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Timeline :: Deakin University begins Social Work education

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Social work education commenced at Deakin University in 1994, with a four-year Bachelor of Social Work (BSW) degree accredited by the Australian Association of Social Workers (AASW). Until 2008, all Australian qualifying degrees in social work were at Bachelor’s level, but after a decision to accredit Masters level qualifications, Deakin commenced a MSW degree for graduates seeking to qualify as a social worker. In 2017, there are over 700 students enrolled in either BSW or MSW degrees at Deakin.

Widening participation to higher education is intrinsic to Deakin’s social work program. Since its beginnings in the 1970s, Deakin University has had a commitment to providing university education to those members of the Australian community who historically had difficulty attending on campus courses, and remains a major provider of distance education to this day. Deakin’s BSW was one the first social work degrees offered by distance in Australia. In 2017, the majority of BSW and all of our MSW students are primarily taught through the Cloud campus. The BSW is also taught to indigenous students through the university’s Institute for Koorie Education (IKE) and is the largest course taught by IKE. Deakin’s online offerings are essential in ensuring students who would not otherwise have the opportunity are able to obtain a professional degree in social work.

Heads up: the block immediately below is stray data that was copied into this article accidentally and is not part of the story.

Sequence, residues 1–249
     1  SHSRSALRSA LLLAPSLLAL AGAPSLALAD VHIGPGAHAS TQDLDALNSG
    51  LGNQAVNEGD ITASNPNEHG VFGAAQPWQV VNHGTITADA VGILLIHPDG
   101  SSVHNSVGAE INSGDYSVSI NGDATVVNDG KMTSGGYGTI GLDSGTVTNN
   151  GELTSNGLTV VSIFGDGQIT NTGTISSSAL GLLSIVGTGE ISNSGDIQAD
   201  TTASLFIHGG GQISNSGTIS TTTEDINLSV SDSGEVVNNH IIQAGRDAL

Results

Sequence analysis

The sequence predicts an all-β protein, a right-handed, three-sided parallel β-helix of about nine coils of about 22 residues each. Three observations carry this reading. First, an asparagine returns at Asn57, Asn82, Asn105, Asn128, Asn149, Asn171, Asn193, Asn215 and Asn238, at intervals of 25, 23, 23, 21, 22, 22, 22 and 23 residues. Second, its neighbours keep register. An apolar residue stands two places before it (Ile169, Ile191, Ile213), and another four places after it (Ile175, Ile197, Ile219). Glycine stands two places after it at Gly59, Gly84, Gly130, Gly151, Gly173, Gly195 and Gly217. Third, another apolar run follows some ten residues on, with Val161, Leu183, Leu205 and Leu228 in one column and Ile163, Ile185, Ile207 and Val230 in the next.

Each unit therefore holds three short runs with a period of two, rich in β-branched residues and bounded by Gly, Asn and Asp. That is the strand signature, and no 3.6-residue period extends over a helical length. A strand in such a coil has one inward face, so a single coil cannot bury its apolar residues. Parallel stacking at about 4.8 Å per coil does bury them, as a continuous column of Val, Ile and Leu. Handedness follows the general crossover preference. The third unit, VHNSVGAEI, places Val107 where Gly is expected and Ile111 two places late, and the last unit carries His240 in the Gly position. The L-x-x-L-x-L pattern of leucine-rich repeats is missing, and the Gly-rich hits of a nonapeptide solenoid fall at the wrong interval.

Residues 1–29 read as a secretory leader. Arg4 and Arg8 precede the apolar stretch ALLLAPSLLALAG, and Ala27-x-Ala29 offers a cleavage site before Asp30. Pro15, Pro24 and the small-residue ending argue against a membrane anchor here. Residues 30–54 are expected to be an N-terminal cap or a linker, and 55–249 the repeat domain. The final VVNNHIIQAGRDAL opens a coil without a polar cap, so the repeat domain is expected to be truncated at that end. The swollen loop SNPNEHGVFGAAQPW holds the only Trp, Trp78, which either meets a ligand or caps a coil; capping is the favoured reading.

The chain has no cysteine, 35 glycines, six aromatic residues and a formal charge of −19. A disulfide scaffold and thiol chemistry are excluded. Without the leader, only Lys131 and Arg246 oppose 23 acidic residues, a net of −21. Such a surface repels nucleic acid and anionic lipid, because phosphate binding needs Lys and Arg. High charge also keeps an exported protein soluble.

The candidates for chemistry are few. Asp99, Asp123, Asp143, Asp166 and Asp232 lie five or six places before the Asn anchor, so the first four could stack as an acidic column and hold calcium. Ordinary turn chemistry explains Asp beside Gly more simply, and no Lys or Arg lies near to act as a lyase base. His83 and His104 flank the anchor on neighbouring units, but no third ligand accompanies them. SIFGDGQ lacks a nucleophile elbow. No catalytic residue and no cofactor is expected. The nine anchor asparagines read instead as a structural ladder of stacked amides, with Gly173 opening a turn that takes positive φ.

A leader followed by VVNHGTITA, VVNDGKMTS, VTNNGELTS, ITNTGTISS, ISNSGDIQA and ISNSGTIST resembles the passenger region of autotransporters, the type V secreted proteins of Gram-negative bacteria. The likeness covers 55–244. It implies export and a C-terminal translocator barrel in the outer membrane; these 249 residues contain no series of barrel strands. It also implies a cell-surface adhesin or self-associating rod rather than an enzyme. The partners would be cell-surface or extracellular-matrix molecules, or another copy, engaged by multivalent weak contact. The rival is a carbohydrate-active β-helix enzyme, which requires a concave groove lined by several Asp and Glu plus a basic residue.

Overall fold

Underpinned by critical theory, the philosophy of Deakin social work is of providing

… a progressive and innovative approach to social work with emphasis on personal, community and social development in urban/rural and local/global contexts. The course engages with the interplay between diversity, power and social inequality through anti-oppressive, empowerment and critically-reflective approaches to social work practice and social policy.

These commitments inform both what and how we teach social work. Deakin social work staff are strongly committed to pedagogical models which encourage students to critique for themselves the often disparate ideas which may concurrently find favour with different segments of this often diverse profession of which we are a part.

This commitment to critical reflection also applies to ourselves. We have a scholarly approach to teaching, and there is now a significant body of published work where we have openly scrutinised new approaches to learning and teaching which we have been developing. Publications since 2012 which are specifically about our approaches to teaching and learning are listed below.

For more information about social work at Deakin go to http://www.deakin.edu.au/courses/find-a-course/health-sciences-and-allied-health/social-work

Source: Professor Beth Crisp, Discipline Leader for Social Work